The MDPX device is a large bore (50 cm diameter x 158 cm long), multi-configuration, 4-Tesla class, superconducting magnet and integrated plasma chamber that has been operating at Auburn University since April, 2014. While the MDPX device has been initially optimized for the study of dusty plasmas [four-component plasma systems consisting of electrons, ions, neutral atoms and charged, micron-sized particulates (i.e., the “dust”)] at high magnetic fields, it provides a flexible, multi-user research platform that can be used for a wide variety of studies. Among the investigations that have been performed include studies of imposed ordered structures in dusty plasmas at high magnetic fields, filamentary structures and pattern formation in the plasma (i.e., without dust), particle transport in dust waves at high magnetic field, and probe measurements in strongly magnetized plasmas. This presentation will provide a brief description of the technical capabilities of the MDPX device and will discuss results from recent studies. A brief discussion of how the MDPX device could be used as a platform for fusion-related studies may also be presented.
This work is supported by funding from the U. S. Department of Energy and the National Science Foundation.
About the speaker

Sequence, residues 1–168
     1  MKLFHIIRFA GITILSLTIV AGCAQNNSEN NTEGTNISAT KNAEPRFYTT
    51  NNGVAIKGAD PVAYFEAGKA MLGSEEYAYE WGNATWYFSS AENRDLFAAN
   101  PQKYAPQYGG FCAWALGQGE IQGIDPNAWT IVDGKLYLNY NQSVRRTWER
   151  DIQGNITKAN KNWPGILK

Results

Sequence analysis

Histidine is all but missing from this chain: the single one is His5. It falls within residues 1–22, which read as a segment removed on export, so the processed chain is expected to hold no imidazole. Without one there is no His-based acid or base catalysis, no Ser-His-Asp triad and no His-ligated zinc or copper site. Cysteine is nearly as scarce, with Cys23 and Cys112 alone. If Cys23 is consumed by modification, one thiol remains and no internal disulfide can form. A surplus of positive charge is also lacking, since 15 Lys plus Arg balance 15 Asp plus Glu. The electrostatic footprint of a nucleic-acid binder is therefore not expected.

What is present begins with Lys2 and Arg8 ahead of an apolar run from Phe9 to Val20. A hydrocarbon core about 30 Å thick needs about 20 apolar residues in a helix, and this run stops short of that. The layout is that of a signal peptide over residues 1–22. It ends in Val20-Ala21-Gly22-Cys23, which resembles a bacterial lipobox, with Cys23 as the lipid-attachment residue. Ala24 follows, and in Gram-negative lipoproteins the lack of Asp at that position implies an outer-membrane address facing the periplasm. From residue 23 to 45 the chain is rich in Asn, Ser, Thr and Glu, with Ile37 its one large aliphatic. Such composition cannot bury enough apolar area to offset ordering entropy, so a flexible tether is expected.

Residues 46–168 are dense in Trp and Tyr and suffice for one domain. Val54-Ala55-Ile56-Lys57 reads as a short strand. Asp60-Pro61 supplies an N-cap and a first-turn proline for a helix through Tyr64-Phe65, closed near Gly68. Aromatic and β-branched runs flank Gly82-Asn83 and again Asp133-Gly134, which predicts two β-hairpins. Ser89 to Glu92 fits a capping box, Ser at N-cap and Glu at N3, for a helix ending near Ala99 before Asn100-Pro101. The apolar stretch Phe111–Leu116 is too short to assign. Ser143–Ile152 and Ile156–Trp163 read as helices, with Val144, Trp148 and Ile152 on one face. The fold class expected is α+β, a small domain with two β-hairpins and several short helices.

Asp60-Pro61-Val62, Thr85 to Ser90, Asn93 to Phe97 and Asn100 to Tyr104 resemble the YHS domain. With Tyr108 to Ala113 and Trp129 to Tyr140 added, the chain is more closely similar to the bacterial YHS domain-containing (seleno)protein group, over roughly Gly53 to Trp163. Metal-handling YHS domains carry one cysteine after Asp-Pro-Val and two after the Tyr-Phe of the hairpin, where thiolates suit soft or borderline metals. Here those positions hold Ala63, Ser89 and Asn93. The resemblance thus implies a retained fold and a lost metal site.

Prof. Edward Thomas, Jr. was born and raised in the U. S. Virgin Islands. After high school, he moved to the U.S. mainland where he earned a Bachelor's degree in Physics from the Florida Institute of Technology (Florida Tech), a Master's degree in Physics from the Massachusetts Institute of Technology (MIT), and a Ph.D. in Physics from Auburn University. He began his faculty career as an Assistant Professor at Fisk University in Nashville, TN from 1996 to 1999. In January, 2000, he returned to Auburn University as an Assistant Professor of Physics and going on to earn the rank of Associate Professor in 2002 and Professor in 2007. Prof. Thomas' research is in the field of experimental plasma physics, with a particular focus on laboratory simulations of the near-Earth space environment and dusty (complex) plasmas. Within his research group, he has trained over a dozen graduate students and over thirty undergraduate student researchers and has graduated seven Ph.D. and five Masters students. Over the years, his research activities have been funded by the National Science Foundation (NSF), Department of Energy (DOE), NASA, and the Defense Threat Reduction Agency (DTRA). To date, Prof. Thomas and his research team have produced over 70 scientific papers and made over 200 contributed and invited presentations at scientific conferences. Most recently, Prof. Thomas and his group has established the Magnetized Dusty Plasma Experiment (MDPX) at Auburn University - a one-of-a-kind, multi-user, high magnetic field research facility that is intended to provide research opportunities for national and international plasma researchers. Beyond his research activities, Prof. Thomas is very active in service to Auburn University and the physics community. He has served on numerous national and international advisory committees for agencies such as the National Research Council (NRC), the European Space Agency (ESA), NSF, DOE, the American Physical Society (APS), the University Fusion Association (UFA), the Quality Education for Minorities (QEM) Network, and several university research centers. In 2015, he was named a Fellow of the American Physical Society.